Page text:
'Funerals and sanitation in Africa are closely related': personal reflections on taking CLTS back to our own communities

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It feels like more than a year since I blogged. No sooner did I come back to work on the 9th January 2012 than was I forced by circumstances to take compassionate leave to be with my mother and family after our dear sister (my immediate follower) passed on. It was painful but we are adjusting to the loss. Funerals and sanitation in Africa are closely related. We could not help but quickly agree with my family that with the influx of many people coming to console the family and to attend the burial itself, that we needed do something.

Mourning periods in Kenya last for long. For my community (Kamba) which comes from southern part of eastern province bordering Tsavo National Park, such ceremonies could last up to two weeks and even after the burial people keep coming to console the family. As far as sanitation goes, if a family does not have adequate sanitation facilities, there is a huge risk of open defecation around the home. In Kenya there have been cases where cholera outbreaks have been traced back to homes where burials were taking place. In our case it did not take a triggering exercise to decide to put up a new two-door toilet block in addition to the other two we had. The digging of a thirty feet hole which was communally done took only 2 days. Bricks were bought from a nearby church. We had to buy 3 pieces (at 10 US$ each) of corrugated iron sheets, 3 bags of cement (at 10US$ each). Timber was donated by a friend and we had to buy a few other things for the toilet block to be completed. I had to recommend leaky tin for the hand washing facility. I had seen an improved one at my sister’s place who is a community health worker volunteer with the Kenya Red Cross. This got me thinking about how much it would cost to construct the so called Ventilated Improved Latrine (VIP) in rural Kenya today. Cost for construction materials have really gone high. My quick arithmetic showed that it would cost not less than 17, 000 Ksh (200 US$). This got me thinking on our previous approaches to sanitation that sought to promote specific models of latrines some costing even more than 500 U$. In arid and semi arid land regions such as where I come from, a family would need to part with 5 goats to put up such a facility.

Surely with 50% of Kenyan population living on less than 1 dollar a day there is a strong case to be made for adopting Community-Led Total Sanitation (CLTS) which advocates for ending open defecation with communities making choices on what materials and technology to use based on their abilities. If a family lives in a grass thatched house it would make perfect sense for them to come up with a sanitation facility made of similar materials. This is not say there is no room for moving up the sanitation ladder. I remember I dug the first toilet in my family. I was only 12 years old. All my life I had defecated in the open and so did my parents. The facility I triggered my parents to build was very simple. With time my late father, who was actually an artisan trained from the Kabete Jeans College in Nairobi during the colonial period, had to utilize his skills and enable the family go up the sanitation ladder. Sometimes I just wonder why an artisan of his calibre who had lived and worked in Nairobi would join his family in open defecating. Now that I am a CLTS practitioner the answer is simple- he had not been triggered to transform his mind. It took a 13 year old (me) to introduce him and the family after a home science lesson with my teacher.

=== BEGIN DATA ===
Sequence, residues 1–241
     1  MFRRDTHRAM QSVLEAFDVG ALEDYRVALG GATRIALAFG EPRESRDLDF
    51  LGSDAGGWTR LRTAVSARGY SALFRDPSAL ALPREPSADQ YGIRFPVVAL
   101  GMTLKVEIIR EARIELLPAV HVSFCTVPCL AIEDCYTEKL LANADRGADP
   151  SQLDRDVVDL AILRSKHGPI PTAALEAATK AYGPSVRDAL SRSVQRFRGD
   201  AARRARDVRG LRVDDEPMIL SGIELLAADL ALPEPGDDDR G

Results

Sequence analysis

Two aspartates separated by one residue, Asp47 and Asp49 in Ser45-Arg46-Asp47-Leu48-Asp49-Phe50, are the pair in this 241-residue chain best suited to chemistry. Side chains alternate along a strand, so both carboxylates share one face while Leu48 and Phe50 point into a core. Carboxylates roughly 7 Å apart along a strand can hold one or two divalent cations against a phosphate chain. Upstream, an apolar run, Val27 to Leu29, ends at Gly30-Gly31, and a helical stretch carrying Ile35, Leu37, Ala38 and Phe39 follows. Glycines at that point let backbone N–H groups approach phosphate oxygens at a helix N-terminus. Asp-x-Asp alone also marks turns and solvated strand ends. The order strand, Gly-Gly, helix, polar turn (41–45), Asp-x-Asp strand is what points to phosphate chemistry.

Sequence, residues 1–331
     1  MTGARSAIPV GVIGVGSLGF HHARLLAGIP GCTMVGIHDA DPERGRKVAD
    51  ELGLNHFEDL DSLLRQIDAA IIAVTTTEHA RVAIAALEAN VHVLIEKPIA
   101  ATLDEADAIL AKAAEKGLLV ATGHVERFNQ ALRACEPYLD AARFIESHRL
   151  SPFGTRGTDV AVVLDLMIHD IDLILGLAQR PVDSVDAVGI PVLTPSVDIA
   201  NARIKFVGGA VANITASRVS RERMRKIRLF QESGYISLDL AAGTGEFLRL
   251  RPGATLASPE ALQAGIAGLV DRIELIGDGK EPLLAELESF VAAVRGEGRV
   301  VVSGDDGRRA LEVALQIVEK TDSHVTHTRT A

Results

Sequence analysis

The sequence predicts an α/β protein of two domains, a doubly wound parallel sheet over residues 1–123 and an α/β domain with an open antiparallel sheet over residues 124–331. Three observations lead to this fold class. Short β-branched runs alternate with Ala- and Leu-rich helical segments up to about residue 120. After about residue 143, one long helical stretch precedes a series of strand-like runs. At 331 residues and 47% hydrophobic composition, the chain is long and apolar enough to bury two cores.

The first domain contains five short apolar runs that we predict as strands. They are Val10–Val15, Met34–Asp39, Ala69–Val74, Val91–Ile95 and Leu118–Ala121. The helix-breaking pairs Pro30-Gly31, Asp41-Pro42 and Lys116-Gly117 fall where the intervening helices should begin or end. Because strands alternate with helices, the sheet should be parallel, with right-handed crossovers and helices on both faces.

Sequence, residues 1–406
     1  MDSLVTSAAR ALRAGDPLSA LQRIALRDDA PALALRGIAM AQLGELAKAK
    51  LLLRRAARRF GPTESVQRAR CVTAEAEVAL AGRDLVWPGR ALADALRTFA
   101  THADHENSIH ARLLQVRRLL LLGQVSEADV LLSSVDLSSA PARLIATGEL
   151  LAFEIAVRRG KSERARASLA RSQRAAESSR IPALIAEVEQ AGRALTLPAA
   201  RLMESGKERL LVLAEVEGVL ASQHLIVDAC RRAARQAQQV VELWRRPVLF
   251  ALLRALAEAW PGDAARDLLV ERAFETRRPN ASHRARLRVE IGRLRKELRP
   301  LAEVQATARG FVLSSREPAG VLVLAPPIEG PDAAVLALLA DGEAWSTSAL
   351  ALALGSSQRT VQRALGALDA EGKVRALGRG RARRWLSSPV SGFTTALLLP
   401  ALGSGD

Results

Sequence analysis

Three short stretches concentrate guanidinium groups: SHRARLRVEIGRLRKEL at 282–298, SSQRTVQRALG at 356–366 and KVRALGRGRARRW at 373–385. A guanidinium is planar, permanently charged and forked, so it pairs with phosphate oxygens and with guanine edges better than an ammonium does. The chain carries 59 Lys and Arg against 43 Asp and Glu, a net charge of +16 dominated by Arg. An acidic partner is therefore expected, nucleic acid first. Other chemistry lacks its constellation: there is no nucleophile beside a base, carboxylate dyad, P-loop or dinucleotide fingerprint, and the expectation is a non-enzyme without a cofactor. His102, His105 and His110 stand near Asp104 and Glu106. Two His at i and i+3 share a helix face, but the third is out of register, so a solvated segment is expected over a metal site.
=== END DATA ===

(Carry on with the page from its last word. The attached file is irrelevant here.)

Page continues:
Later my father was to utilize his skills to construct a latrine and bathroom block more beautiful than the house we lived in – it met the JMP indicators of an improved sanitation. But to date (33 years later) there are families in my village where people defecate in the open. Lately I have been thinking I cannot continue going round Kenya, Africa and the World triggering people to stop open defecation while people in my ancestral village, some of them my relatives, continue to defecate in the open. I have been on a vernacular radio station broadcast and talked about shit but possibly only my close relatives listened. For sure not even media or radio campaigns can compare with the power of hands-on triggering exercise. People listening hear but they do not see and feel as they would when they participate in a practical CLTS exercise. Will I live to the challenge of triggering people in my own village? How will people who know me since I was small think of me talking straight about shit? I have done this straight talk with my mother my sisters and brothers and it has worked. What is left is for me to expand to my aunties, uncles and neighbours in the village.

Possibly if each one of us in Kenya took it upon themselves, the campaign for Open Defecation Free Rural Kenya by 2013 would not require any donor funding. Possibly the MDG target of halving the number of people with access to improved sanitation would be a walk in the park. So why is it hard to do? Do we theorize and professionalize things too much? A we really ready to work ourselves out of the job or are we in the business of keeping ourselves in the job? Do we need to rethink our commitment and role in creating open defecation free societies within our communities? We need to infect every one with the bug and become natural leaders in our own communities as CLTS projects (one-off and time bound) may not be the magic bullet to ending open defecation.

Date: 1 February 2012
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